Imagine paying an exorbitant price for something precious. Once you became the owner you’d protect that possession. You would preserve it for its intended use.
God paid an outrageous price for you, the blood of Jesus Christ, His Son. He has redeemed us, bought us. From this position of great cost and love He reveals His will for our lives: sanctification. We are to become set apart, clean, set aside for His intended use.
Paul builds on this: “This is the will of God, your sanctification: that you abstain from sexual immorality” (1 Thessalonians 4:3). A major area of sanctification is our sex life. To be sanctified, clean, set apart, we must abstain from sexual immorality. Christians know this. Deep in our conscience, we know this. But the Spirit — here in 1 Thessalonians 4:4-8 — reminds us.
In this little section Paul teaches us the ‘how’ and ‘why’ of abstinence from sexual immorality.
First, however, we must deal with the subject of sexual immorality itself. The Thessalonian church swam in a culture that had given themselves over to it. Many of us live in the same experience. Fornication (sexual activity outside marriage), adultery, homosexuality, pedophilia, and pornographic erotica existed in their culture, as it does ours. All this fits under the banner of sexual immorality.
It is easier to define sexual morality: sexual activity between a heterosexual married couple. This is the biblical norm. Activity outside that is sexual immorality. Again, God’s will for Christians is that we’d be set apart from that.
Our society might believe human bodies have a simple biological urge for sex that must be exercised. For them, as long as an activity is consensual, it is fine. For them, casual sex is actually a thing. For them, sexual compatibility must be tested. For them, sexual fulfillment is of extremely high importance. For them, cohabitation is required before marriage. For them, all this is right and good. For them, this is moral.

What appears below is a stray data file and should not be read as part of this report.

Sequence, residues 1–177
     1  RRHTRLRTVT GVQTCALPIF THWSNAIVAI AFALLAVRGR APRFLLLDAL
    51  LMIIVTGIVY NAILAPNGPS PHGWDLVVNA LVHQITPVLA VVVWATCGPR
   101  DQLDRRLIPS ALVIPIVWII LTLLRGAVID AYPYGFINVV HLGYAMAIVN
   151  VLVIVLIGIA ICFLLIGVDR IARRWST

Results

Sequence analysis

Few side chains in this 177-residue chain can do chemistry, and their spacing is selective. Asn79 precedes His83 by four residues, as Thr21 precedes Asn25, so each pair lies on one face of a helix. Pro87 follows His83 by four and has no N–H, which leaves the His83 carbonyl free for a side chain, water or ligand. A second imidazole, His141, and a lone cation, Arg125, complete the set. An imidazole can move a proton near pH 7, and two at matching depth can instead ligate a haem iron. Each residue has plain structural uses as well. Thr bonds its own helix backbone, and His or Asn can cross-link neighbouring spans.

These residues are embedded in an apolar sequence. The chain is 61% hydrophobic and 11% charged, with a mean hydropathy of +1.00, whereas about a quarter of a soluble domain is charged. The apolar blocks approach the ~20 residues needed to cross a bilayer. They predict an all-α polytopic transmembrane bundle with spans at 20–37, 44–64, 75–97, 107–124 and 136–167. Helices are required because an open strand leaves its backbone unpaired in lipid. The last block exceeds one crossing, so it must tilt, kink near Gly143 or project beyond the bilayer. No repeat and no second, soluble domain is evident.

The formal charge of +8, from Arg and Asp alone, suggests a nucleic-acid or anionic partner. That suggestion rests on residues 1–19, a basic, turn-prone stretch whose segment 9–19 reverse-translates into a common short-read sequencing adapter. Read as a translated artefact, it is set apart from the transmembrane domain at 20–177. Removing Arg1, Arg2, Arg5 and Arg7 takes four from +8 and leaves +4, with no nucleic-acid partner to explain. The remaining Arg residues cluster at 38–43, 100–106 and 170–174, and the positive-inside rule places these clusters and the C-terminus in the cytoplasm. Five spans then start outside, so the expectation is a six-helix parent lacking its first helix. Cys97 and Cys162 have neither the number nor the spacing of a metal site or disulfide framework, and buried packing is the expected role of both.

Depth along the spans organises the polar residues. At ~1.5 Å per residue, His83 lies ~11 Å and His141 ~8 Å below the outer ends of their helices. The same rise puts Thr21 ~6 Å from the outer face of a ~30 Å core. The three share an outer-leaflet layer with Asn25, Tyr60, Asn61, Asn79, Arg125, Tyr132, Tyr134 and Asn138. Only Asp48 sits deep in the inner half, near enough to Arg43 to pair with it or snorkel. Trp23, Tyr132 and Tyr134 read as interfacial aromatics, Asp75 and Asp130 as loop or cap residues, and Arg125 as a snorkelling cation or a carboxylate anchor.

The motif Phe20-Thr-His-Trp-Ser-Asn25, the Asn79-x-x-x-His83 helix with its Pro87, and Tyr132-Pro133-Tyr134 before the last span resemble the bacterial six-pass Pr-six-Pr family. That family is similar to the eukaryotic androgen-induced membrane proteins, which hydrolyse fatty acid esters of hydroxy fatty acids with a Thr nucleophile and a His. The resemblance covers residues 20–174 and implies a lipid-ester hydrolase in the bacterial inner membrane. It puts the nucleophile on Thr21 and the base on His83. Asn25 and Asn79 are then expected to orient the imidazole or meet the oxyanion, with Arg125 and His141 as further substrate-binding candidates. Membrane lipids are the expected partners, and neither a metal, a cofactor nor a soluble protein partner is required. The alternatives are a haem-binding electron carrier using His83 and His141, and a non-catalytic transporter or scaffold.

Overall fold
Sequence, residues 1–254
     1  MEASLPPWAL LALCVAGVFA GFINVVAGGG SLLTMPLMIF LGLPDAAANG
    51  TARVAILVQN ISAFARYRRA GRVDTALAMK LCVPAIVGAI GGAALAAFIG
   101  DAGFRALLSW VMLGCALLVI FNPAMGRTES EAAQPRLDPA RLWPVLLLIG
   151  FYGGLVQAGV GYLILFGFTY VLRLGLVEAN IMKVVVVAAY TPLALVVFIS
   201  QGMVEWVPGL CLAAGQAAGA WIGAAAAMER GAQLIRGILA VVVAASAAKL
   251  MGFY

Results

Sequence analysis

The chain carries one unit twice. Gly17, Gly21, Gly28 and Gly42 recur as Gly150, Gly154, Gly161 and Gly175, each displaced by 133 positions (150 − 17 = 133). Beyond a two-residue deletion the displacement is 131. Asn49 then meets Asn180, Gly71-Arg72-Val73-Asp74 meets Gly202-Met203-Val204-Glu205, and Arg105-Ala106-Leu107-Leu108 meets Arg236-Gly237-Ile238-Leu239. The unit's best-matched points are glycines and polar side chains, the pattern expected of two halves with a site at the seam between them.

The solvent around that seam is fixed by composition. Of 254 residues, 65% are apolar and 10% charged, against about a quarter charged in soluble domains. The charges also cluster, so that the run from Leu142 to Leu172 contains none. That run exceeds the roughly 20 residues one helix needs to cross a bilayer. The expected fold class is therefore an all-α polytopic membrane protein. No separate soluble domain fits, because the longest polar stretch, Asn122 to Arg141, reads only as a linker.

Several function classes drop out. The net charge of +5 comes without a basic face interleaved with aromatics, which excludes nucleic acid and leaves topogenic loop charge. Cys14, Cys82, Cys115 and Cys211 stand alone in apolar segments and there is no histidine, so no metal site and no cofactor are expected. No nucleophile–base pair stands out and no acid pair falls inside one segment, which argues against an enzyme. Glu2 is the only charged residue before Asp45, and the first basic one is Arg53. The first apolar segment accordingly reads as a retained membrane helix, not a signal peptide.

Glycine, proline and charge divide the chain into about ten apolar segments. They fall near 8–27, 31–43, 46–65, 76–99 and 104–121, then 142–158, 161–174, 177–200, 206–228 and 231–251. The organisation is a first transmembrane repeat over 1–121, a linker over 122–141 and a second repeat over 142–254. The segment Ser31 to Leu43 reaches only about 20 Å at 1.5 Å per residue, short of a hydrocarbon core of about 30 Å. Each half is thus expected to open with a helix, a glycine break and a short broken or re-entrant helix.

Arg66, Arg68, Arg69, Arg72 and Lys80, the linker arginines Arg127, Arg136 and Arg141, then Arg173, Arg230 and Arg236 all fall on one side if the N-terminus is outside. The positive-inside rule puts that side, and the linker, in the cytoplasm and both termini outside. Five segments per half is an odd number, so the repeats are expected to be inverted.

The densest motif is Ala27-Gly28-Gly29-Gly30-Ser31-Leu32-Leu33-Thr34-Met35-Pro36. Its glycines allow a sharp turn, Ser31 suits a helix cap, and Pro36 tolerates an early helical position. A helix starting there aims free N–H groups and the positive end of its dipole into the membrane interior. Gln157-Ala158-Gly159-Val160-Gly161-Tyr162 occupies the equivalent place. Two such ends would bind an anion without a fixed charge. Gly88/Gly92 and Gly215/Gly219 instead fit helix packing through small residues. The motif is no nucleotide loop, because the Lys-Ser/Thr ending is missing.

But not for us. The believer in Christ is called to a different, sanctified, life. We aren’t disciples of our society, but of Jesus Christ. Clearly, this puts some of us in a position where we swim against the current.
Early Christians who came out of Judaism didn’t have this particular battle to fight. Judaism embraced the Biblical sex ethic already. No, they had other battles. But Christians who came to Christ out of Gentile paganism were called to live a very different sex ethic than their neighbors.
But how? Why? To this, Paul continues the thought to the Thessalonians. Let's observe.
Control Your Own Body
“…that each one of you know how to control his own body in holiness and honor…” (1 Thessalonians 4:4)
The first ‘how’ is actually more of an explanation on the ‘what.’ We are to abstain from sexual immorality; this means we will 'control' our own bodies. Every believer is called to 'control' their own body. This is the aim.
This helps us understand how this work is done. Notice how Paul thinks. To him, the body follows the person. Each one, he writes, "controls his own body." In other words, my body is mine, but I am not my body. I am in my body, but my body is not fully me, not entirely me.